Goldman Sachs Accused of Financing Dictatorship in Venezuela

On Monday, the president of the Venezuelan Congress that is run by the opposition party accuses Goldman Sachs the investment bank on Wall Street of aiding and abetting the dictatorial regime of the country, after a report show the investment bank had purchased $2.8 billion worth of bonds from the South American country.

Over the weekend, a report in the Wall Street Journal said that Goldman has paid 31 cents on the U.S. dollar for the bonds issued by PDVSA the state owned oil company that mature during 2022 or approximately $865 million while citing five people that were familiar with the bonds’ transaction.

The accusation comes as opposition protests of two months against current President Nicolas Maduro have resulted in 60 deaths and the collapse of the socialist economy in the country that has left millions struggling just to eat.

The president of the Venezuelan Congress Julio Borges wrote in a letter to Lloyd Blankfein the Goldman Sachs president that the banks’  financial lifeline for the regime will help to strengthen its brutal repression that it has unleased against Venezuelans that have peacefully protested for the country to have political change.

The letter stated that Borges was dismayed by the decision of Goldman Sachs to purchase the bonds given the nature of the Maduro administration, an unwillingness to carry out democratic elections and systematically violating human rights.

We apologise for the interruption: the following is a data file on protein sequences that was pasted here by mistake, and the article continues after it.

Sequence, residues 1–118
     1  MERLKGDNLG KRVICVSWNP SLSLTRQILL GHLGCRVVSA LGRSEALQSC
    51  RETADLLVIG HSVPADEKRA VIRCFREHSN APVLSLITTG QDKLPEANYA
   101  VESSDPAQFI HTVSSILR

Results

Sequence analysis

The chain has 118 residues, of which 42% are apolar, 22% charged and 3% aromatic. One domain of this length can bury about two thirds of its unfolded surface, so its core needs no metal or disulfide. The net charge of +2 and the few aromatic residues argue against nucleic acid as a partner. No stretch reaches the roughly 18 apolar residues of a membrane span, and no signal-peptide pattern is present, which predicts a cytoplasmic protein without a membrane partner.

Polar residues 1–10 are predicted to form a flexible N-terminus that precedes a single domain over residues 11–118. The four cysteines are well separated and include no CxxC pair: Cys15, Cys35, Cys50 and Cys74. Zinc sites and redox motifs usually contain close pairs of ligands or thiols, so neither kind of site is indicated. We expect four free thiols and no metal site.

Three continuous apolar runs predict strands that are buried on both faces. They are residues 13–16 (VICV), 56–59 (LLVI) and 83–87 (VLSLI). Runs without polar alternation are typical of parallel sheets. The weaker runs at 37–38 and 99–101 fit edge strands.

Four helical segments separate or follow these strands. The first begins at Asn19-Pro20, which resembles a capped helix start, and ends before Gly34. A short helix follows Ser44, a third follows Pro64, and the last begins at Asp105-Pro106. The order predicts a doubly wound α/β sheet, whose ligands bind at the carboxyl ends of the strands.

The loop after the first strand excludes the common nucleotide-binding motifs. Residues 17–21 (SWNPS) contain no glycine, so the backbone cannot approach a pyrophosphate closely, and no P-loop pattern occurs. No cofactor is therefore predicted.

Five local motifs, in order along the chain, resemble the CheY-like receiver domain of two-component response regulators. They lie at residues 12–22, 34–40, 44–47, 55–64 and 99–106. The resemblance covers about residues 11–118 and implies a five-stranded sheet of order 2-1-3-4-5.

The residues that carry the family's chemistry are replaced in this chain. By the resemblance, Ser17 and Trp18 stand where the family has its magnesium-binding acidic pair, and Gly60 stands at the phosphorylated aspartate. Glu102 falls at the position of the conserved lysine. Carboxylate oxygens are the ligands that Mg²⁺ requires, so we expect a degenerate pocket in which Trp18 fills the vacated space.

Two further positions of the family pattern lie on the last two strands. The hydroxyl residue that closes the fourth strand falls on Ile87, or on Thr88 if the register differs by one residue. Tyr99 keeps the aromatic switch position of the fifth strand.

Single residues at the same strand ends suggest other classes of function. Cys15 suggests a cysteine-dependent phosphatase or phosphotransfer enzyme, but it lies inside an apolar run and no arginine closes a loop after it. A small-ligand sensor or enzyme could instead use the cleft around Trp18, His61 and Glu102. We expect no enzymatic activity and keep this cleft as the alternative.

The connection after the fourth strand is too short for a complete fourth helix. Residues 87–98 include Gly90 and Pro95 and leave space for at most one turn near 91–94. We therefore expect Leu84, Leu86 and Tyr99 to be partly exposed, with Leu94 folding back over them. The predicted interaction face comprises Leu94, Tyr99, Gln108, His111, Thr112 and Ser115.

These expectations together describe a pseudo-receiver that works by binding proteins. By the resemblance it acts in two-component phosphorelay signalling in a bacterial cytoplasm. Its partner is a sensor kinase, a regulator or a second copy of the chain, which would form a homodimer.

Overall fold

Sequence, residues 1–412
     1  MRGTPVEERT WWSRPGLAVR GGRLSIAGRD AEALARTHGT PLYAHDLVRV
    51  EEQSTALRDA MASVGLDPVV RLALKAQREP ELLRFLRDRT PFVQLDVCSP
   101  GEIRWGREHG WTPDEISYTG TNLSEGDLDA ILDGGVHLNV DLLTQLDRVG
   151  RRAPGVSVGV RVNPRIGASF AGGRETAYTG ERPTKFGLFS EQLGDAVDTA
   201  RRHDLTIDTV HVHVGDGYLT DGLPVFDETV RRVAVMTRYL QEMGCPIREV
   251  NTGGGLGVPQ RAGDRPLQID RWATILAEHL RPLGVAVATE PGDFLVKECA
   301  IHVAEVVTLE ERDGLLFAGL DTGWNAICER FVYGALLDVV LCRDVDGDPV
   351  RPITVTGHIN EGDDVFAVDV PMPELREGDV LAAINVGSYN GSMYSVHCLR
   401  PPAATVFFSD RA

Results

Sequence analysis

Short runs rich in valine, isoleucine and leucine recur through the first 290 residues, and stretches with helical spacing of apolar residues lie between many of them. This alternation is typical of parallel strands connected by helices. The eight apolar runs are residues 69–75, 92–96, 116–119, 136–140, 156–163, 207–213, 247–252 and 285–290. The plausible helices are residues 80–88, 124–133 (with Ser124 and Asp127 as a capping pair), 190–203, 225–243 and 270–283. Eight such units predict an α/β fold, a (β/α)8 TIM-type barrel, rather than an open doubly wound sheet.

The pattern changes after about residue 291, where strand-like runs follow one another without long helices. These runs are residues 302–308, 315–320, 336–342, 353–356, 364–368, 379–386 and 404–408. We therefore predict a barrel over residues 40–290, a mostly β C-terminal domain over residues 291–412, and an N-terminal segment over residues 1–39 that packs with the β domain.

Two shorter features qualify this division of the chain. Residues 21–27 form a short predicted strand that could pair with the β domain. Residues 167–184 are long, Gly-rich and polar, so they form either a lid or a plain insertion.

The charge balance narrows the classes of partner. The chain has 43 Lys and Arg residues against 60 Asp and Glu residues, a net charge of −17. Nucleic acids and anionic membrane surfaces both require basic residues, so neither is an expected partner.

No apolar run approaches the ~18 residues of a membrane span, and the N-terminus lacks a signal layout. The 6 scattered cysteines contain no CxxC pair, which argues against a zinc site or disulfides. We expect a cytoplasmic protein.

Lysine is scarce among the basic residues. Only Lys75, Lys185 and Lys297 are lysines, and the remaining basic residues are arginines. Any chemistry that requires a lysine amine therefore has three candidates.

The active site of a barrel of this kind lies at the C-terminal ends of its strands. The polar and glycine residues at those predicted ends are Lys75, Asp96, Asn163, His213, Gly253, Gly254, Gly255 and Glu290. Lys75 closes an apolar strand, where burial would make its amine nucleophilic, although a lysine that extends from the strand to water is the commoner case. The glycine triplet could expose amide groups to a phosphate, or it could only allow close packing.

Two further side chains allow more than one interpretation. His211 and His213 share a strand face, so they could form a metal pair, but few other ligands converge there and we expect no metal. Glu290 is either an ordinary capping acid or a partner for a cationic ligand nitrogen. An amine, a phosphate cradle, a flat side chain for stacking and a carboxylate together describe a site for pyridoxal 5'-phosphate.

The letter added that the Venezuelan Congress will be opening an investigation into the Goldman transaction and he will make a recommendation to any future government that is democratically elected not to recognize or to pay the bonds.

The Information Ministry in Venezuela, which accepts queries on the behalf of its Finance Ministry, did not make a response to requests for comments.

The central bank in Venezuela did not sell the bonds directly to Goldman as the bonds were sold by an intermediary, said an industry source. A source at Goldman said the intermediaries were in Europe.

With the inefficient economic model in Venezuela struggling under a drop in the price of oil, the unpopular government led by Maduro has become more and more dependent upon asset sales or financial deals to bring in much needed foreign exchange.

On Thursday of last week, the international reserves for Venezuela rose $749 million to reach over $10.86 billion but that is down over 50% from three years ago.

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